The event offered numerous opportunities for the participants to share knowledge and experiences: presentations, live cooking performances, a cocktail workshop with local drinks from the pacific region,  cooking experience with the women working at the Buenaventura market place, a visit to the village “La Gloria” where women are running a collective farm, an exhibition of traditional cooking utensils and tools and cultural and musical nights.

The three beneficiaries from IFAD-supported projects in West Africa were Ms Aissatou Cissé and Ms Ndeye Marie Seydi from Senegal and Ms Blandine Montcho from Benin. Ms Aissatou Cissé is a beneficiary of the Agricultural Value Chains Support Project in Senegal. Local ingredients are the secret to success in her restaurant business. She received training and support in restaurant management and food processing through the Project. Today, in her restaurant, she offer Senegalese and European dishes made of locally-grown products and earns a good living.

Ms Ndeye Marie Seydi is a beneficiary of the Support to Agricultural Development and Rural Entrepreneurship Programme in Senegal. She is a young entrepreneur and runs an agricultural and processing company in the Kolda region and has been focusing, although not exclusively, on fonio, the oldest cereal in West Africa. It is a kind of millet that has a nutty flavor – a cross between couscous and quinoa in both appearance and texture. Fonio has been cultivated in West Africa for thousands of years, and is a favorite in salads, stews, porridges and even ground into flour. It’s gluten-free and nutritious because of two amino acids, cystine and methionine, which make it a favorite to be baked into bread for diabetics, those who are gluten intolerant or have celiac disease. Until recently, the fact that processing operations were small- scale, time-consuming and difficult meant that there was no future for the crop. However, with support from the Project, Ms Ndeye Marie Seydi is now applying new producing and processing technologies  operations and modernizing drying, which has sparked s renewed interest in fonio and new export chains are developing around innovative products. She is currently leading a network of 150 women that are producing and processing fonio.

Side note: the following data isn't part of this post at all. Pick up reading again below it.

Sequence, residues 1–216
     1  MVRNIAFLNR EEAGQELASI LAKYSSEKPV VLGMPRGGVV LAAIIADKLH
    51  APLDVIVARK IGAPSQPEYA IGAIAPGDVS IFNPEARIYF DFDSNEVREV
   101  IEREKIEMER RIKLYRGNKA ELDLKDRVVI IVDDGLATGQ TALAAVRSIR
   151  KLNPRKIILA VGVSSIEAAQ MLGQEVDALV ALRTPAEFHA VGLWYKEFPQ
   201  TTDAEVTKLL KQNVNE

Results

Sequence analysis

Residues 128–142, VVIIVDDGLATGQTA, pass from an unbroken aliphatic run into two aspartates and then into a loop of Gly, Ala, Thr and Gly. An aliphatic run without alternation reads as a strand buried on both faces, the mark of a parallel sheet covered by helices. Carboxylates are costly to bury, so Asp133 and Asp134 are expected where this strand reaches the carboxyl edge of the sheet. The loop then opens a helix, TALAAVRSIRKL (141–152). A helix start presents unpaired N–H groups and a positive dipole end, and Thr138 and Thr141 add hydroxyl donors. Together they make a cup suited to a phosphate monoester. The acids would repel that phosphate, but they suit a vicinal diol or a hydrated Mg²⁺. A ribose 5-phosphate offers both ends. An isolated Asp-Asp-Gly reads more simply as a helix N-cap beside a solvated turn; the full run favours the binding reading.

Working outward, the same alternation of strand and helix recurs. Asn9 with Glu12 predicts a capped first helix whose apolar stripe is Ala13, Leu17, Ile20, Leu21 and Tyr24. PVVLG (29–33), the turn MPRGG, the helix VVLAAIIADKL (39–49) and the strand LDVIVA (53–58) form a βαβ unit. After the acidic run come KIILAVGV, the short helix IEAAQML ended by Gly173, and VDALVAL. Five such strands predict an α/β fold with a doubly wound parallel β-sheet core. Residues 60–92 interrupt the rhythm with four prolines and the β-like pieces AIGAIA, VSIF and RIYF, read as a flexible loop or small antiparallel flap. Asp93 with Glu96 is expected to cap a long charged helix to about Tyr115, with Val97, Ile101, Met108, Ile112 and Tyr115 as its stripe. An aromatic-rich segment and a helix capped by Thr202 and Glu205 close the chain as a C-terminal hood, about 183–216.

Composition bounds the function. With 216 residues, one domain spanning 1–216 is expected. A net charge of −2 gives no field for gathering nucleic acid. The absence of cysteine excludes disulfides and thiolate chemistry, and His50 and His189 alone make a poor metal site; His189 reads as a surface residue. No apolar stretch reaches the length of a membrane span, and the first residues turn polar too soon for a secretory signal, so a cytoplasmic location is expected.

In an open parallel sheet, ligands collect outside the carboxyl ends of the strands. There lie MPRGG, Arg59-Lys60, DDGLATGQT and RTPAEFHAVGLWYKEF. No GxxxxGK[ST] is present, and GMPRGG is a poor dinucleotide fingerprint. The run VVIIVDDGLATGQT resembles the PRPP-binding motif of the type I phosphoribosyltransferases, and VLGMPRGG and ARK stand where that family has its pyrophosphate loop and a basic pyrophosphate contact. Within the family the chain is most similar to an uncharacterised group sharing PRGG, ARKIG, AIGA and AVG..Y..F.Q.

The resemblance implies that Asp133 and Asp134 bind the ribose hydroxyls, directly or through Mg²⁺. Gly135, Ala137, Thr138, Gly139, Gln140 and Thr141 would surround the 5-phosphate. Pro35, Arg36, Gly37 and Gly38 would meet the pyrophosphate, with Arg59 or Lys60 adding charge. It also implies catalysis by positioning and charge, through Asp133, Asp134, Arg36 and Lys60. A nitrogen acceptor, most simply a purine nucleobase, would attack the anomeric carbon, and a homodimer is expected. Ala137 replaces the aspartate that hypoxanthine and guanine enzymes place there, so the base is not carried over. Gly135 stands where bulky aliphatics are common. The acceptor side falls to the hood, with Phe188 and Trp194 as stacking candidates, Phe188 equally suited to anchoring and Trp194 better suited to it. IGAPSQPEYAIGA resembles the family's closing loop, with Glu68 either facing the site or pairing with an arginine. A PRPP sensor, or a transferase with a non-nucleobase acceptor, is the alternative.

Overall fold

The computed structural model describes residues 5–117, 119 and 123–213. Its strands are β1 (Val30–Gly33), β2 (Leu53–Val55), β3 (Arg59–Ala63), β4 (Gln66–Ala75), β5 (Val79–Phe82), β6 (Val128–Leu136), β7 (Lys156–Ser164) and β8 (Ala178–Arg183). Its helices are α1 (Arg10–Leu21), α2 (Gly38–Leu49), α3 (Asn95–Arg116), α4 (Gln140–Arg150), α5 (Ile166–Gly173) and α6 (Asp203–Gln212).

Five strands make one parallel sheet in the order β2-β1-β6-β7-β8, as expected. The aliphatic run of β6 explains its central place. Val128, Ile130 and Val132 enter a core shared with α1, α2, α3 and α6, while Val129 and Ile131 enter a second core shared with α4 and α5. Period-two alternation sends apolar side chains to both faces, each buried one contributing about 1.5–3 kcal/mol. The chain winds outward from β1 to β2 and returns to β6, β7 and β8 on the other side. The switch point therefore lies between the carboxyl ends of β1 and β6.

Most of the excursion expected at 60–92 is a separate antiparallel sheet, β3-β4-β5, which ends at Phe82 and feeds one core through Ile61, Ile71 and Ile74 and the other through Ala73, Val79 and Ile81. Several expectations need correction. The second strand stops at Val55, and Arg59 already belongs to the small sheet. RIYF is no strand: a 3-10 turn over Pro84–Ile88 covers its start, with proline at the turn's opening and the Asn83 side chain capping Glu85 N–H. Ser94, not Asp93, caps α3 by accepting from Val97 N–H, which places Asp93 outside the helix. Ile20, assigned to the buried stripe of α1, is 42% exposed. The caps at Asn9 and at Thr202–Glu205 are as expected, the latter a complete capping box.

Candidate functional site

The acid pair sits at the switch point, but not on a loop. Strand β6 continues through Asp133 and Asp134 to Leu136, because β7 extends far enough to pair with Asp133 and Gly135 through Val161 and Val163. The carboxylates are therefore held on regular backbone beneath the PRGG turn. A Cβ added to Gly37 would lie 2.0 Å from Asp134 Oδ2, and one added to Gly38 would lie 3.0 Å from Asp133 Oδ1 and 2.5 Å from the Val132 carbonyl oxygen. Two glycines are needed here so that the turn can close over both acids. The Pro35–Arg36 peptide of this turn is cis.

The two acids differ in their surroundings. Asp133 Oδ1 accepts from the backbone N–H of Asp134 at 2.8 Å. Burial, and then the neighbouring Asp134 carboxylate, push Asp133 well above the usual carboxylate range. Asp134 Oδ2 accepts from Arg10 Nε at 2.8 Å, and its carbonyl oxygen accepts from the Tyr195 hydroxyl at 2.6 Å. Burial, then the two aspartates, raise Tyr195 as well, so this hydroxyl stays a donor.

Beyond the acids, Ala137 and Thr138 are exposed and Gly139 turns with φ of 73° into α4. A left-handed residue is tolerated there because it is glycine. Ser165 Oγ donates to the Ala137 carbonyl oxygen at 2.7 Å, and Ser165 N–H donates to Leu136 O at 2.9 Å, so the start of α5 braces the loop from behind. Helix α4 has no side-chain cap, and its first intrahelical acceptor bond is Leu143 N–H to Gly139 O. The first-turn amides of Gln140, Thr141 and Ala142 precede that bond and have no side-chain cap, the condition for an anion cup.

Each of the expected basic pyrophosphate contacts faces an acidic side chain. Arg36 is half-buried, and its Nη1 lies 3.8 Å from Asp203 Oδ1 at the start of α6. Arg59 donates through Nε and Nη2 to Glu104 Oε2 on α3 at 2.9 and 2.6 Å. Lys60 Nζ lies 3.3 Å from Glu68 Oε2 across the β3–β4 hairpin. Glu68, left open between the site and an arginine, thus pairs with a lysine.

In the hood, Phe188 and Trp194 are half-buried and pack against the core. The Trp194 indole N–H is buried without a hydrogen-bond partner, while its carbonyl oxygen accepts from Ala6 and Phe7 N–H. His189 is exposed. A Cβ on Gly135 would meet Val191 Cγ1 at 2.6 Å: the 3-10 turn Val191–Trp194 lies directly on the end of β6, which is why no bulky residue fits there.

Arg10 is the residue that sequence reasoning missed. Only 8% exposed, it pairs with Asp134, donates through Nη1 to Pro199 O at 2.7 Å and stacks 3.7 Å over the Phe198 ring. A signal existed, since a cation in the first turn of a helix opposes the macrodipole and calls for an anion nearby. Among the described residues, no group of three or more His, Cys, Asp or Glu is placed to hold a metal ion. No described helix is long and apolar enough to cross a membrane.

Ms Blandine Montcho is a beneficiary of the Rural Economic Growth Support Project in Benin. She is the owner of small processing enterprise that turns tropical fruit into organic juices. Although she focuses mainly on pineapple, her company also makes organic tamarind, baobab fruit and ginger juices.

Overall, the event showed that when products are used that have been grown organically and/or responsibly, traditional cuisine allows local communities to have access to the required nutrients for a healthy life. Traditional cuisine can also contribute to preserving biodiversity and the environment.  for environmental and biodiversity protection projects. Furthermore, it can be used for nutrition education to facilitate voluntary adoption of food choices and other food- and nutrition-related behaviours conducive to health and well-being. Finally, traditional cuisine is of great economic and social value as it can help to create employment in rural communities and help to build networks, especially between women.